The psychology of the good person

You might know people that are inherently good. Heck, you might be one of them. A person who does good deeds, helps grannies cross the street, helps friends out when in need. People just shove the pretense that the person is good and are done with it. Having an ulterior motive is seen as a very negative thing – making the deed of helping someone either invalid or even negative.

But here I’ll have to ask – why is it that people do good? There are profiler shows on the Discovery Channel that analyze the motives of killers and ner-do-wells or whatever, but why never of the goody-two-shoes? It doesn’t make any sense – they’re the ones that are desirable in society, aren’t they? Society is a cruel, pessimistic bitch, but that’s why we have police instead of entertainers on every corner of every street.

Anyways, here’s my take on it. The take of a professional not-psychologist, student in History and IT technician – many people do good because it makes them feel good. I know that’s why I do it – it’s probably not a very isolated incident. I don’t know the biological implications of it, but being thanked for doing something good or simply the realization of knowing that you have changed the world for the better, no matter how minute that change may be, secretes some sort of hormone/drug/substance/thing that titillate our feel-good nerve centers as much as any other addictive activity would.

Again, don’t take my word for it, but logically, that’s why I think people are good. There is always an ulterior motive. Even if people are friends with the person they are helping, it’s still there – the motive might be simply the fact that they are friends.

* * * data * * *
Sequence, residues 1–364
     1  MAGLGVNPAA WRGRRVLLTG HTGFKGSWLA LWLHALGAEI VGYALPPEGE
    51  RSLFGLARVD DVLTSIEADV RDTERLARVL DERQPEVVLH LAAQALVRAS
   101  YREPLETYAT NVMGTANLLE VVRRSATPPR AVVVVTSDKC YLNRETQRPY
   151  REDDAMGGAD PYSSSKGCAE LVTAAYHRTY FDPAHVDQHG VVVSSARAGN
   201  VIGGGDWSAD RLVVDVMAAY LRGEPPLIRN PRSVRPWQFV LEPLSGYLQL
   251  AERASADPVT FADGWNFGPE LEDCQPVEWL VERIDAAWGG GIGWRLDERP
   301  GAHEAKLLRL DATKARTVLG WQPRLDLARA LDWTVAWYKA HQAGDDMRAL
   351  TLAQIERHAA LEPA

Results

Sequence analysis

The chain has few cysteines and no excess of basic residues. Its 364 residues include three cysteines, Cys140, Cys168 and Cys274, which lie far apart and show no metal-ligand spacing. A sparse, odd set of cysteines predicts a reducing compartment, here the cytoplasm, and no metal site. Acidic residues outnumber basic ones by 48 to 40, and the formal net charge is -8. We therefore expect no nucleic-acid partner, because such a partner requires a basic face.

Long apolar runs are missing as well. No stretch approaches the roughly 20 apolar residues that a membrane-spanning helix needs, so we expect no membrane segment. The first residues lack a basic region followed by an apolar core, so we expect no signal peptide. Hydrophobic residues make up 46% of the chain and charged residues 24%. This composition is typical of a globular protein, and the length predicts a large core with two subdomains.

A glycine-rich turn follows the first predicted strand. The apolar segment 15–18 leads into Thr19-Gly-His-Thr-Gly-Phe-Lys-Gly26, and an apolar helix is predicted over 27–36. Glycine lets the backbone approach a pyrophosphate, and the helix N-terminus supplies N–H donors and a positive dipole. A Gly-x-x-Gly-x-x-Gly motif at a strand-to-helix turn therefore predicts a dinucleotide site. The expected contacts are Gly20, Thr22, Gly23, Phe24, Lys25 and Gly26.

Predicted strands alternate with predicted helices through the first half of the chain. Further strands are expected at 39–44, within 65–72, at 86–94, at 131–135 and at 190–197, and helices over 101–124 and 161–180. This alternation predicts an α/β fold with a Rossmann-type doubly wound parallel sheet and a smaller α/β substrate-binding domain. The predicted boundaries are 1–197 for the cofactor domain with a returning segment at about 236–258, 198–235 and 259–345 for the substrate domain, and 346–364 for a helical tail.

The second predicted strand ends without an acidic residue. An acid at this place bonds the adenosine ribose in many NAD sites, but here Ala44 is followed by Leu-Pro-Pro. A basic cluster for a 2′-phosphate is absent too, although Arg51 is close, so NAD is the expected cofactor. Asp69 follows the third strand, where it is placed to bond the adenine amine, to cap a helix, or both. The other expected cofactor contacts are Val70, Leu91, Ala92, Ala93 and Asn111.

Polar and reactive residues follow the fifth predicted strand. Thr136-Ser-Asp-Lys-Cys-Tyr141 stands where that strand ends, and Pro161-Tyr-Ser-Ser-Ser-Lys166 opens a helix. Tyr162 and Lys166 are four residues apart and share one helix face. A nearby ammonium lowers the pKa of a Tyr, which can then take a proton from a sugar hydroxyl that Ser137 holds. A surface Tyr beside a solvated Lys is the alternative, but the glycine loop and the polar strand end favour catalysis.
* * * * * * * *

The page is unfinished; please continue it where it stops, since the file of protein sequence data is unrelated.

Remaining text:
It’s not conscious either – you might not think you have a motive for doing something good, but subconsciously you could. Now then, I’m not saying that you, thinking you are good, are actually wrong. I don’t think it’s wrong, I don’t think it’s necessarily evil too – I just think that trying to deny that you have an ulterior motive when you know you do is utterly fake. Religion might dictate that doing good has no ulterior motive – but that’s a blatant lie: do good in life, so you may go in heaven in the afterlife. The good Samaritan doesn’t seem so high and holy now, does he?

In addition, focusing on the fact that the person helping you might have an ulterior motive is just as stupid – focus on working together – it might lead you to other things.Friendship is giving and receiving. The concept is abstract though – you can give and receive everything and anything. On the other hand, when this rapport is lopsided, things might just blow apart.

Ok, I’ve rambled a bit now – t0 make it short: good guys are addicted to doing good, there is always an ulterior motive, friendship is the same as being good but in a two-person rapport.

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